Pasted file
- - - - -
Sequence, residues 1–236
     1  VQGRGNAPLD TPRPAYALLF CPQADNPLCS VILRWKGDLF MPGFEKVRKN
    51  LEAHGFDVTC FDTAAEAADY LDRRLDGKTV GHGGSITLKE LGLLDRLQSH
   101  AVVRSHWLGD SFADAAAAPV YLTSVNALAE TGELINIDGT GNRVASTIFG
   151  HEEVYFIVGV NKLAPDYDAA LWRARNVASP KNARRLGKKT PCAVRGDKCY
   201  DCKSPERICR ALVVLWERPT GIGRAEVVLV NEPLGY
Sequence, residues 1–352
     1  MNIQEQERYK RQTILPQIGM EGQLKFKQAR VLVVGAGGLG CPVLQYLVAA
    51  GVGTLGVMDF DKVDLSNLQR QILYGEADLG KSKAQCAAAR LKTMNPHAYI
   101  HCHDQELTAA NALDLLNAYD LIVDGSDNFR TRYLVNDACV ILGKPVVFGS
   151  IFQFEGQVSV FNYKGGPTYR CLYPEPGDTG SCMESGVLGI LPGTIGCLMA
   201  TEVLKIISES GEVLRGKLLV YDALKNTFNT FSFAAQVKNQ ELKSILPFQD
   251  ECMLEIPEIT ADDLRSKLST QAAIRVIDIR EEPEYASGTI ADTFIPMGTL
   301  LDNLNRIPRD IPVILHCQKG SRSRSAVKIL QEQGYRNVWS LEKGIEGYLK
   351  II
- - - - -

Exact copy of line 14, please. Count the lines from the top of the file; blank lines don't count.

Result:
   301  LDNLNRIPRD IPVILHCQKG SRSRSAVKIL QEQGYRNVWS LEKGIEGYLK